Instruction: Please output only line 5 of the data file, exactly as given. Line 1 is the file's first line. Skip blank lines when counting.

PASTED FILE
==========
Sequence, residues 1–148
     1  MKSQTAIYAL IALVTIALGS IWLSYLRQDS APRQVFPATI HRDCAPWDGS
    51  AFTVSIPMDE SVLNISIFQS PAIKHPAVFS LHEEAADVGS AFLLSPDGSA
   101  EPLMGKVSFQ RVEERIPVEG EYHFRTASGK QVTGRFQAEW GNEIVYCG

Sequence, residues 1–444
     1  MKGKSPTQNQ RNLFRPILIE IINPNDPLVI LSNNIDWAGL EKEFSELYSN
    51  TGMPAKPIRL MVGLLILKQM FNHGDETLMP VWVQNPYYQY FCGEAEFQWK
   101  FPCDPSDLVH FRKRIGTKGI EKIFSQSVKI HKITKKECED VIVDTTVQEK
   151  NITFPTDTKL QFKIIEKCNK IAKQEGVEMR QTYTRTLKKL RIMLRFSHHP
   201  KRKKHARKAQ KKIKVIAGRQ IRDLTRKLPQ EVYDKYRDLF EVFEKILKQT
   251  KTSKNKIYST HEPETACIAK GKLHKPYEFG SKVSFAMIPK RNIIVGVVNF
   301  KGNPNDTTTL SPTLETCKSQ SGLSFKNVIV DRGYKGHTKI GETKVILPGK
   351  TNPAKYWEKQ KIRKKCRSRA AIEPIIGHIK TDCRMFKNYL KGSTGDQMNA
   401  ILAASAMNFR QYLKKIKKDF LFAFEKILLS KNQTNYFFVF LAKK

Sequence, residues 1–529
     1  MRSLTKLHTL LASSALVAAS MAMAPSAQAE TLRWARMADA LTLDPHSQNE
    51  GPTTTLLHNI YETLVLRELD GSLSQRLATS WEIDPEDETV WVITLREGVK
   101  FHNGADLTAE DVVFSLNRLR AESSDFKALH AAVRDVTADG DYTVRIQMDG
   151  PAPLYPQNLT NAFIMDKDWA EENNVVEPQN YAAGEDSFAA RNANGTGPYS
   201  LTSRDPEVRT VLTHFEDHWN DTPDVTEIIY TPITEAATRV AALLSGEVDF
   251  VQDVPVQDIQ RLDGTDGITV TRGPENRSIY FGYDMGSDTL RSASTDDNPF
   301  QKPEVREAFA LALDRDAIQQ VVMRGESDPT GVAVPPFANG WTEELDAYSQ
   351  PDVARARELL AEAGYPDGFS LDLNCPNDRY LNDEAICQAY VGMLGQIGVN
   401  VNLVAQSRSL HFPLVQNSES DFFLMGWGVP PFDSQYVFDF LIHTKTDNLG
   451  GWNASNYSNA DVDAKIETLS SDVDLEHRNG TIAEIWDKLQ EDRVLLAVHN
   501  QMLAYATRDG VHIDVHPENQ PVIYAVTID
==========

Sequence, residues 1–444